Turns out women aren’t happy.
Turns out the older women get, the sadder they become.
Turns out once she hits 47 years old, a woman’s happiness declines quite steadily.
Buckingham is a smart guy — his work has transformed the way we talk about work and life by shifting our collective focus from shoring up weaknesses to centering in strengths.
I like him.
So back to this women-are-increasingly-unhappy idea… what’s the deal?
In the article, Buckingham says it’s not because women are paid less than men, although that is a fact. Nor is it because women assume more of the household chores than their male partners. Also a fact. And it’s not because women have limited opportunities. Because we have so many more opportunities than our grandmothers did.
Why are women aging unhappily?
Of course, I have a theory.
Let’s call it the Disillusionment Theory.
From the work I do with women, it seems that for a certain generation the message we got growing up was, “Be a good girl, don’t have strong opinions or talk too much, get along, be pretty enough to catch a husband, have kids and then everything will be easy for you.”
And what happens to many women by the time they turn 47? The kids you put your life on hold for are grown up and have their own lives. The husband you put through medical school left the marriage. The parents who defined you as their darling good girl have died. Your body’s not the same. The media tells you that you’re no longer pretty enough or young enough to catch a man’s eye, let alone a second husband. It’s grim.
Because your whole life you played by the rules, but in mid-life the rules seem to have changed. Life is not easy.
Nothing’s the way it should be.
But we know, and Buckingham documents, the women who find deep happiness and satisfaction despite the loss trajectory of their lives. What do they have that other women don’t?
Buckingham gives us some juicy tidbits about the happiest women — they:
* Don’t agonize over who they aren’t—they accept and act on who they are. They have discovered the role they were born to play and they play it.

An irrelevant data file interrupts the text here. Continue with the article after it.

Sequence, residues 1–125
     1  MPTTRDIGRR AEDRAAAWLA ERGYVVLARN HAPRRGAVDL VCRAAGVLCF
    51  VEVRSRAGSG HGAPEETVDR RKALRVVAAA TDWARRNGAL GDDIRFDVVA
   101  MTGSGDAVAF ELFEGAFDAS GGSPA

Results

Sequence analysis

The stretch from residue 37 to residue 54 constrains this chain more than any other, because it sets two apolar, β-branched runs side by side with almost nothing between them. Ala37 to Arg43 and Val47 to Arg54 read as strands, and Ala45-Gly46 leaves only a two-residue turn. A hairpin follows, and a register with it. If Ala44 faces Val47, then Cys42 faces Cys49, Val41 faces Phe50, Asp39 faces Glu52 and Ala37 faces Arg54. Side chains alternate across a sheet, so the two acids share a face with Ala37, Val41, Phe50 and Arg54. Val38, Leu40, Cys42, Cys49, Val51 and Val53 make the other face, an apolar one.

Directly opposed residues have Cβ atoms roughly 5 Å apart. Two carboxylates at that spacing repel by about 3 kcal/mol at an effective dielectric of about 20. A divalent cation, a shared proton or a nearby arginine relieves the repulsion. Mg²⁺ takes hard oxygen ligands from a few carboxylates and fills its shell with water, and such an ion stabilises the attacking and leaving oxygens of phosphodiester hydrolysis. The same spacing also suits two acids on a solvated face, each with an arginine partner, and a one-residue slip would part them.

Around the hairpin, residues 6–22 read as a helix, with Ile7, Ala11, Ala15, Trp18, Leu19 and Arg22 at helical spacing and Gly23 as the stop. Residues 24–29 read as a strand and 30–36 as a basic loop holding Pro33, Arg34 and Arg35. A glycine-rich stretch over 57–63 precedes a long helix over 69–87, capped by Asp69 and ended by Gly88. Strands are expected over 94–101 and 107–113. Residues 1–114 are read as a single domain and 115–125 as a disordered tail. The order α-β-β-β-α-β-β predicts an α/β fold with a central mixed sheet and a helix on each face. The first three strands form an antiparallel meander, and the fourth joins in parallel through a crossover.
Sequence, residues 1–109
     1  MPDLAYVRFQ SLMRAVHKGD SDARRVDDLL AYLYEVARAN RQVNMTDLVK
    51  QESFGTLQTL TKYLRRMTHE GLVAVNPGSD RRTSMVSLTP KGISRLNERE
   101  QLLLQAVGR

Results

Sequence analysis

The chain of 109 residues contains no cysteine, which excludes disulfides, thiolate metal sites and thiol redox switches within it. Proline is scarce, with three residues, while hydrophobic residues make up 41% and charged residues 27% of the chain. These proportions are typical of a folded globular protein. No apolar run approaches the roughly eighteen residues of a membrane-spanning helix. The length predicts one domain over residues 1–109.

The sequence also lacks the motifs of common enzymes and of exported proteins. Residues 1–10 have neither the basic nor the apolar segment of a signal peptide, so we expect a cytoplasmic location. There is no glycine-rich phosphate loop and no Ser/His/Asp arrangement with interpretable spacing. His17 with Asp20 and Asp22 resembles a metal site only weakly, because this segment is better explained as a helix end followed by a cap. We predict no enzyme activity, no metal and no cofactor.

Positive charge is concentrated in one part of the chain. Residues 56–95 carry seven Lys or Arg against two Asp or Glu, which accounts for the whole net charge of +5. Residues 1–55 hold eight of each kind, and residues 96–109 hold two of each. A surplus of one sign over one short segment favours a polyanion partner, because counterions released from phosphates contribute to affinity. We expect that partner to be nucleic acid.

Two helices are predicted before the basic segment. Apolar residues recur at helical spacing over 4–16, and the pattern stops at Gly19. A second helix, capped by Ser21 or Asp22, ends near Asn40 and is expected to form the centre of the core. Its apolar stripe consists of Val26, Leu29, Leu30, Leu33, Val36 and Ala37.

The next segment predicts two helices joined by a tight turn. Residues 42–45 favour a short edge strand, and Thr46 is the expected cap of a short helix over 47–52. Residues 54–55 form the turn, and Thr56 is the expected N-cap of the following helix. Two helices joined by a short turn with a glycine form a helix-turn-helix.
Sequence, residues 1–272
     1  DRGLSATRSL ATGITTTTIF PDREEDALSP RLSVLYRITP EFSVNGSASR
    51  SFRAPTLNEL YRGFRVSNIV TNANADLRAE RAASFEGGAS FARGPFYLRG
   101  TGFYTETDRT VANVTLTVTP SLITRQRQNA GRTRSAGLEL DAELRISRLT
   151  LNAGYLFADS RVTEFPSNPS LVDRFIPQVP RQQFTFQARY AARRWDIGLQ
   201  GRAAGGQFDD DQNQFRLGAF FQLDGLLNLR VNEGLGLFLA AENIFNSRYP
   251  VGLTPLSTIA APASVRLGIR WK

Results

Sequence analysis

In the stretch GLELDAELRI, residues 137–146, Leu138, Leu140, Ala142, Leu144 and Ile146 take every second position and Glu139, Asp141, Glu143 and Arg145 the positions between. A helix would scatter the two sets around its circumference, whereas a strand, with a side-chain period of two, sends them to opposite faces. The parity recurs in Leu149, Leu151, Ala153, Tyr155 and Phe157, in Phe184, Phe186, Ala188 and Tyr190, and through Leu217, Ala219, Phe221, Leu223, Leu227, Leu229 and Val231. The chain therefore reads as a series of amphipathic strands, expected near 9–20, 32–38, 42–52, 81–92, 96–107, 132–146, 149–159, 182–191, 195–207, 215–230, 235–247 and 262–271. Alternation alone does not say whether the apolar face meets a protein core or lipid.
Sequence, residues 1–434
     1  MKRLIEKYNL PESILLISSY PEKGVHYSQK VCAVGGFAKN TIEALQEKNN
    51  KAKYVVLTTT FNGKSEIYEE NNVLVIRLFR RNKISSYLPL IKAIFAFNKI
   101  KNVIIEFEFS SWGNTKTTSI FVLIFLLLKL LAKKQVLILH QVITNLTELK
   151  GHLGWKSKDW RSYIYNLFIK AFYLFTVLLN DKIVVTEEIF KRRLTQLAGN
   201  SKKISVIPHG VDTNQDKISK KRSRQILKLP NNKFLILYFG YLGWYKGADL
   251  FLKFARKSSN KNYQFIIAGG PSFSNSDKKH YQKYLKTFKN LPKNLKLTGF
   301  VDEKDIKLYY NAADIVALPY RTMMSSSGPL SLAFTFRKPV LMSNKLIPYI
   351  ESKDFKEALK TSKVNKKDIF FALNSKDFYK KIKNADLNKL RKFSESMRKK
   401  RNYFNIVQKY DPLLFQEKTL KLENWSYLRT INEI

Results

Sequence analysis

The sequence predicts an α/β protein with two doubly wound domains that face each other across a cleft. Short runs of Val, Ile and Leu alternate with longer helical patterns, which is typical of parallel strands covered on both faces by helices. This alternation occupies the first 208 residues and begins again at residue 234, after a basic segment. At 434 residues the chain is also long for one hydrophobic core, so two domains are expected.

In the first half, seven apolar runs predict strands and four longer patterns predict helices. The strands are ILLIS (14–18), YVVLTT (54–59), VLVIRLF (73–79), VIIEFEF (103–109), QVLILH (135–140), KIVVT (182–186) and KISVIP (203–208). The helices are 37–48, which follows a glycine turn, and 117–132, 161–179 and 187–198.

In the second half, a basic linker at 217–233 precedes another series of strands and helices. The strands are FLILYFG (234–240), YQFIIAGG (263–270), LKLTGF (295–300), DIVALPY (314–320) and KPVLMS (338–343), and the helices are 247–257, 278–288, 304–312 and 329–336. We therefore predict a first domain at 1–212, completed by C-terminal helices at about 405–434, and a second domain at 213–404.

* Don’t juggle—they catch-and-cradle. They don’t keep things at bay, but select a few things and draw them in close.
* Don’t strive for balance—they strive for fullness. They intentionally imbalance their lives toward those moments that make them feel strong.
* Always sweat the small stuff—They know and act on the specific details of what invigorates them (and they let go of what doesn’t strengthen them).
So, to be happy at mid-life, women have to focus on what makes them happy and do more of that. And they have to let go of what no longer makes them happy. They need to find new ways to define themselves — based on their strengths — and drop the old ways they were defined.
In terms I use as a coach, to be happy in mid-life women need to move from living in their “social selves”, concerned with What Other People Will Think, to living firmly in their “authentic selves”, which is who they are at their very core.
Calls to mind Laurel Thatcher Ulrich’s famous quip, “Well-behaved women seldom make history.” Perhaps especially in mid-life, it’s “Well-behaved women are seldom happy.”
Y’know what? I choose happy. If that makes me appear less well-behaved, then so be it. And you are welcome to join me.
And for my fabulous guy readers — if there is a woman in your life who is approaching the happiness tipping point, what can you do? Try this: encourage her to misbehave. Encourage her to step out and step up. Throw away the old rules, and join her in making some new ones. Believe me — you will love it. By encouraging the woman you love to be more fully herself, you will be amazed at the joy and happiness that will flood your life. She’ll be more her, which only allows you to be more you.